Calm Before The Storm

How homeowners can protect themselves from what nature may unleash

July 27, 2008|By Andrea F. Siegel | Andrea F. Siegel,Sun reporter

After tropical storm Arthur fizzled, Bertha revved up the Atlantic hurricane season, then came Cristobal, with Dolly not far behind. None of the storms threatened Maryland, but that doesn't mean area homeowners shouldn't be alert and prepared.

"We can get pretty much anything here in the Baltimore area," says National Weather Service meteorologist Chris Strong, who forecasts for the Mid-Atlantic region, noting that summer and early fall storms may cause no damage - or wreak havoc.

Weather gurus have an idea of what's headed this way, but there's little lead time for predicting thunderstorms and specifics of hurricanes and their ilk.

For hurricane activity in the Atlantic, the outlook, issued in May, points to a nearly average to above-normal season - that means a possibility of 12 to 16 named storms, including between six and nine hurricanes, and between two and five major hurricanes. The outlook will be updated early next month.

If your home isn't ready for water and wind, get it in order now, experts say. That can be a tall order for some homeowners.

A generation ago, when Charlene and Bud Kotrla's house was built at the water's edge on Millers Island, the ranch-style home sat a few steps off the ground.

But tropical storm Isabel put it under water in 2003 - as it did many other homes on the tip of the eastern Baltimore County peninsula - and turned the couple's life near the Chesapeake Bay into a nightmarish odyssey that included a harrowing rescue from chin-deep water, life in a freezing federal emergency trailer and multiple insurance battles. The couple eventually ended up recasting their lives to deal with having emptied retirement accounts and doing much of the remodeling work themselves and with friends when the money ran short.

Now, in their rebuilt home, it also means living in the equivalent of a one-story walk-up.

"It's 16 steps, I can tell you. I had groceries today," Charlene Kotrla said recently.

Their house was elevated 14 feet above where it sat before the devastating storm; many neighbors' homes were raised when rebuilt.

The ground floor's concrete block walls have flood vents. They allow floodwater to slosh in and out beneath the living space, rather than put pressure on the building.

Inside, wall outlets and a switch for an outside light are near ceiling height, so Charlene Kotrla has to stretch to reach them. By law, they have to be 2 feet above the 100-year flood level, said John Altmeyer, Baltimore County's chief building inspector.

Bud Kotrla said he reinforced the deck, now one flight up, beyond Baltimore County and federal flood zone building requirements as a precaution.

Upstairs, the house has been remodeled and repaired. The couple lost the third bedroom when they added the stairs to the ground floor. Because wind could turn ordinary outdoor containers into missiles, pink geraniums are silk, tied down in a planter that is bolted to the deck railing.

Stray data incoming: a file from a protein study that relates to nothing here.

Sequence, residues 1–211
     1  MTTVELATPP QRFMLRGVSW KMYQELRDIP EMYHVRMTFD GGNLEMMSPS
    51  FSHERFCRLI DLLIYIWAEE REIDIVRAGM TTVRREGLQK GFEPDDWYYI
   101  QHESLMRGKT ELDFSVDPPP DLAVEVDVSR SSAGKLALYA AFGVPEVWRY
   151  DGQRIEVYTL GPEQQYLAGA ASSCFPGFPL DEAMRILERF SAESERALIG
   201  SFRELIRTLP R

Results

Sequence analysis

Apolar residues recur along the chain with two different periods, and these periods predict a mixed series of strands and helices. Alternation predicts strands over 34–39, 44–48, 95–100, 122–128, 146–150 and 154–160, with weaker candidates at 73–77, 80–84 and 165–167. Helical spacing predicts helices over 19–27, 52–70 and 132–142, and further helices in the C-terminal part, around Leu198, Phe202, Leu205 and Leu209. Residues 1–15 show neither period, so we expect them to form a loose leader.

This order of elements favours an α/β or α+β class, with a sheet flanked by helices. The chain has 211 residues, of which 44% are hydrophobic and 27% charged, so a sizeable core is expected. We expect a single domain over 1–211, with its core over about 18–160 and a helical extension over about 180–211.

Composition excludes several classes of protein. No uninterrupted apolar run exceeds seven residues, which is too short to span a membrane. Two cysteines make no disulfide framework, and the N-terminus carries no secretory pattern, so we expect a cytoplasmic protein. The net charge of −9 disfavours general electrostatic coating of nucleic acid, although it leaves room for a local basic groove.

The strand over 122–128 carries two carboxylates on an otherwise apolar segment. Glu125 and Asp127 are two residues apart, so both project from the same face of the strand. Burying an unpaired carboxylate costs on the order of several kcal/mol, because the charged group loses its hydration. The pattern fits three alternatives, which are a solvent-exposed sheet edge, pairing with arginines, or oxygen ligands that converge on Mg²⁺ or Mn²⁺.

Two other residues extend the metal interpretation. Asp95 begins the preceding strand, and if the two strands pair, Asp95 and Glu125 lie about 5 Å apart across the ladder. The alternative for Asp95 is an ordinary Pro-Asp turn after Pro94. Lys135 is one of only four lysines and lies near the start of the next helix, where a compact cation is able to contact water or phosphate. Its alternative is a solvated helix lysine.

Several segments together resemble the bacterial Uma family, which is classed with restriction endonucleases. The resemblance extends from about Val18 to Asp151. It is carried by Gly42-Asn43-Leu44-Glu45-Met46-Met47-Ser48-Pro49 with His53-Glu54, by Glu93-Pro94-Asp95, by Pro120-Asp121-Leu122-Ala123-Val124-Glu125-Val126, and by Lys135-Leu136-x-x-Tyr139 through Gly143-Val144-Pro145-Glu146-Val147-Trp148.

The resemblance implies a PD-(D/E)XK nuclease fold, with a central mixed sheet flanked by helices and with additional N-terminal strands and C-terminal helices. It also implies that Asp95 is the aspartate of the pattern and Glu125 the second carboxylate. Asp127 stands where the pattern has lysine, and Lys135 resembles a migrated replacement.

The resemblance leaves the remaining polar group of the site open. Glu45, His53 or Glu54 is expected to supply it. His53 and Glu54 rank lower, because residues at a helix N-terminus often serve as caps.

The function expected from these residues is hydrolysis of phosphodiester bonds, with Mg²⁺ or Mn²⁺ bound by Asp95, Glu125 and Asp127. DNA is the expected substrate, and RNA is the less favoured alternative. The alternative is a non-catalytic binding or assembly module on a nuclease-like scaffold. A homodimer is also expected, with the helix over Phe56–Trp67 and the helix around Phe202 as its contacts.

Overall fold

Lifting the house cut their risks of water problems and their flood insurance premiums.

"I like it and I feel safer," Charlene Kotrla said from her living room, which offers breathtaking views across Back River and toward the bay.

For property protection, homeowners should make two home checkups: annually on the house insurance policy and twice a year on the home itself.

Insurance is a touchy subject amid policyholder allegations that insurers have low-balled disaster claims. Homeowners should review insurance policies with their agent (and other professionals if they're unclear) so they understand it.

"You should make sure that your home is insured to value. That means to the replacement cost of your home," said Karen Barrow of the Maryland Insurance Administration.

It's up to a homeowner to know his coverage, including the exceptions, discounts, limits, deductibles and riders, said Robert Hunter, insurance director of the Consumer Federation of America. For example, repairs may force making an older home meet current codes, which may not automatically be covered, he said.

"It's a good idea to take pictures of your home and videotape your property," said Robert Stastny, a 33-year Nationwide agent in Baltimore. Give a copy, along with home documentation, to a friend elsewhere.

He advised understanding flood risk. If a home is close to water and low-lying, the flood risk is greater. For example, the risk is greater on Thames Street in Fells Point than on Harford Road near Parkville. Flood insurance rates reflect that, he said.

The National Flood Insurance Program and Federal Emergency Management Agency have flood-zone maps, which many insurance companies and local officials use.

"It's an estimate. Just because I am not on the map doesn't mean I am not going to be flooded," said Larry Larson, executive director of the Association of State Floodplain Managers.

Maryland is using the federal maps and working with federal authorities to update them, officials said.

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